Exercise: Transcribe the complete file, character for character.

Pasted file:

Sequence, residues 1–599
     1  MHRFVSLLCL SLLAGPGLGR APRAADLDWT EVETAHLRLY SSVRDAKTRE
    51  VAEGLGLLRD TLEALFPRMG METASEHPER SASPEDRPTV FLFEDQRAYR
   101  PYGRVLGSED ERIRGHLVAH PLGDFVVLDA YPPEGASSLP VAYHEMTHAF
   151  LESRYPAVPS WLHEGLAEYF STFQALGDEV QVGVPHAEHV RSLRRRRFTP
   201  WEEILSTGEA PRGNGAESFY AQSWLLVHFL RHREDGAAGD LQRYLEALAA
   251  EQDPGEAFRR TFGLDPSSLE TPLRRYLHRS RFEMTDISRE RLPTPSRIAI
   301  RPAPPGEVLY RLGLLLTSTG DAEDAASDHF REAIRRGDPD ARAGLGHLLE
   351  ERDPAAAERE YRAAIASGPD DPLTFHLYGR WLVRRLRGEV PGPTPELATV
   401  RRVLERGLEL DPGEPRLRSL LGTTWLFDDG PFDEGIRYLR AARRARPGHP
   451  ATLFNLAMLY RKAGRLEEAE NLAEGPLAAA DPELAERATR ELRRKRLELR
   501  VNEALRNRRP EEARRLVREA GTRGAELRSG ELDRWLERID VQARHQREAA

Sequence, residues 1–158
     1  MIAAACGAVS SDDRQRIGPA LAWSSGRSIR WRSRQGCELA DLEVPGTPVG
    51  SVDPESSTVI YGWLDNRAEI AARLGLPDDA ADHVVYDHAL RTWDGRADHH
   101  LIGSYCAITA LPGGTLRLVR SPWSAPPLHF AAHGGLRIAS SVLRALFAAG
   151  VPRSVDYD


Sequence, residues 1–599
     1  MHRFVSLLCL SLLAGPGLGR APRAADLDWT EVETAHLRLY SSVRDAKTRE
    51  VAEGLGLLRD TLEALFPRMG METASEHPER SASPEDRPTV FLFEDQRAYR
   101  PYGRVLGSED ERIRGHLVAH PLGDFVVLDA YPPEGASSLP VAYHEMTHAF
   151  LESRYPAVPS WLHEGLAEYF STFQALGDEV QVGVPHAEHV RSLRRRRFTP
   201  WEEILSTGEA PRGNGAESFY AQSWLLVHFL RHREDGAAGD LQRYLEALAA
   251  EQDPGEAFRR TFGLDPSSLE TPLRRYLHRS RFEMTDISRE RLPTPSRIAI
   301  RPAPPGEVLY RLGLLLTSTG DAEDAASDHF REAIRRGDPD ARAGLGHLLE
   351  ERDPAAAERE YRAAIASGPD DPLTFHLYGR WLVRRLRGEV PGPTPELATV
   401  RRVLERGLEL DPGEPRLRSL LGTTWLFDDG PFDEGIRYLR AARRARPGHP
   451  ATLFNLAMLY RKAGRLEEAE NLAEGPLAAA DPELAERATR ELRRKRLELR
   501  VNEALRNRRP EEARRLVREA GTRGAELRSG ELDRWLERID VQARHQREAA

Sequence, residues 1–158
     1  MIAAACGAVS SDDRQRIGPA LAWSSGRSIR WRSRQGCELA DLEVPGTPVG
    51  SVDPESSTVI YGWLDNRAEI AARLGLPDDA ADHVVYDHAL RTWDGRADHH
   101  LIGSYCAITA LPGGTLRLVR SPWSAPPLHF AAHGGLRIAS SVLRALFAAG
   151  VPRSVDYD